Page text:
The harvest nearly complete, the farmer’s neighbors tied the remaining sheaves of corn together and flung their knives at them. It was a game called Crying the Mare and it made Jonathan think of himself growing up. He thought of the deep wise voice he heard in his dreams and he threw knives at it to pin it to the wall, but the wall in a dream doesn’t hold much. He wanted that voice.

“I’ll have turnips for lunch. There’s no deception in a turnip,” said Petrov while the knives whistled and the shouts of “Almost” rent the air. Twas an unexpected wisdom indeed that sent the sky into the children’s pockets at that moment, but there you have it.

It matters not to the progress of innocence that the river continues weeping.

Tom the Seeker saddled the children’s clouds with warnings of impending doom. He still carries a knapsack to hold the emptiness he finds. He’ll sleep in it.

Jonathan was hidden somewhere inside Jonathan. “I’ll try to be an accurate knife,” he thought. His eyes were open. He began counting the bundles of sheaves.

Tom the Seeker gave Jonathan a wooden plate and said, “To the silent trees I offer my excess. If this does not speak for them, I’ll replace it with the rich smell of rotting seaweed.” He gave Jonathan a fork, turned around in a slow circle and began barking at the sky.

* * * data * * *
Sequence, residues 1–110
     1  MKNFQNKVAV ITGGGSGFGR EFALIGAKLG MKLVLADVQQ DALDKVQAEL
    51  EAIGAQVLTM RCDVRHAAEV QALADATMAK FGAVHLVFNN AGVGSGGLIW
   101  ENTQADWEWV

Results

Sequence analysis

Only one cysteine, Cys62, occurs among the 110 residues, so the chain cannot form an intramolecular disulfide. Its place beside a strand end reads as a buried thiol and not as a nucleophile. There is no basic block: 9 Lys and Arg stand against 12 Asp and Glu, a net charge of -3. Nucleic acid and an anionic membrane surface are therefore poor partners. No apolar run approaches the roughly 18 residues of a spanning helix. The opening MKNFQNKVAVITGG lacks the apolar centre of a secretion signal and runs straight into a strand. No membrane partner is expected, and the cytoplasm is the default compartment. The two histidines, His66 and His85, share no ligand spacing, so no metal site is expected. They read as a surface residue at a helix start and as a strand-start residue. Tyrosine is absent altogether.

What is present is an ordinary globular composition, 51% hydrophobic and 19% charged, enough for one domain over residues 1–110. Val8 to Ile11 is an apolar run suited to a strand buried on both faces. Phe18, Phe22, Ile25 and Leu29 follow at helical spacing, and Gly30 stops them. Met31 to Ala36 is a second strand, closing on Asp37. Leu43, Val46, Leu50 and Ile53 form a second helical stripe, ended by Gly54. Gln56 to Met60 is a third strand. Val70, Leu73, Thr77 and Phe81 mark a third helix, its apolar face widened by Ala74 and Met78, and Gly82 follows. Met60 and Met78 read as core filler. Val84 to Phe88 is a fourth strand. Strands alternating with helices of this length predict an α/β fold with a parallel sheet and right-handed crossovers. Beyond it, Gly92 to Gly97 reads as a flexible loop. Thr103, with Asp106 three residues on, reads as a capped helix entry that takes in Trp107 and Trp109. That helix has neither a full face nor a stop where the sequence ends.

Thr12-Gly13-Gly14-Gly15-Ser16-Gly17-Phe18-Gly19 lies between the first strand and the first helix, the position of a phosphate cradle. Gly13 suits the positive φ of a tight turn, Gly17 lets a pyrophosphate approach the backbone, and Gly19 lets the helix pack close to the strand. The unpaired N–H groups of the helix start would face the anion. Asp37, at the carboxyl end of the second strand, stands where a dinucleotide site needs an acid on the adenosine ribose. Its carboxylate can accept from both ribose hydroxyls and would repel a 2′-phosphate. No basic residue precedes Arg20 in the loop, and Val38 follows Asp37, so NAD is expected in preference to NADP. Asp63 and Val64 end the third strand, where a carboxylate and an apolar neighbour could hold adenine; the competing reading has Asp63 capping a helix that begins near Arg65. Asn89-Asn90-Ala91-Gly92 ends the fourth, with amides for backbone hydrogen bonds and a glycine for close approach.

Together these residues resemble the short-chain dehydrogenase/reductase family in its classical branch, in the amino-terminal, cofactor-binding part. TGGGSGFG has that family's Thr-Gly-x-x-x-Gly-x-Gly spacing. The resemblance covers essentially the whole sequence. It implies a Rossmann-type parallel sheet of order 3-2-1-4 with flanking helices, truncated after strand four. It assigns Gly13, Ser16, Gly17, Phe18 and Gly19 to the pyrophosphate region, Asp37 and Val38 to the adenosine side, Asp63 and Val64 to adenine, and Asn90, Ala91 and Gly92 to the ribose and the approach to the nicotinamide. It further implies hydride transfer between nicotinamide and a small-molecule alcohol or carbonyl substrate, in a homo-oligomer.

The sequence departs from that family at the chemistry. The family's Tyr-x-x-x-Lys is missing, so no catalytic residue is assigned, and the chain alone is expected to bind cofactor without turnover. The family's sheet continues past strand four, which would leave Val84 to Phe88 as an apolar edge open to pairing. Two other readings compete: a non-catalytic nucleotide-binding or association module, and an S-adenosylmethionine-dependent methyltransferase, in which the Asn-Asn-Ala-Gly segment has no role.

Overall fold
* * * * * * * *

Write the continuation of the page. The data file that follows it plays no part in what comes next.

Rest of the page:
Before it began raining, a farmer’s sickle struck the knot in a bundle of corn sheaves and everyone shouted three times. Jonathan and Petrov stopped eating clouds long enough to feed the other children. The field was still hungry. There were no birds left in that field to verify the wind in our place and no deep wise voice to separate sleeping from waking.

Q: How much does fear weigh?

A: Too little to carry all the way home.

And the mare sleeps in the harvested field and listens to the dreams of the sheaves and runs farther in the dream than when it wakes.

There’s a voice in everything you do, but sometimes it’s not your voice. And then it is. And then you live there.



Rich Ives: has received grants and awards from the National Endowment for the Arts, Artist Trust, Seattle Arts Commission and the Coordinating Council of Literary Magazines for his work in poetry, fiction, editing, publishing, translation and photography. His writing has appeared in Verse, North American Review, Massachusetts Review, Northwest Review, Quarterly West, Iowa Review, Poetry Northwest, Virginia Quarterly Review and many more. He is the 2009 winner of the Francis Locke Memorial Poetry Award from Bitter Oleander. His story collection, The Balloon Containing the Water Containing the Narrative Begins Leaking, was one of five finalists for the 2009 Starcherone Innovative Fiction Prize.

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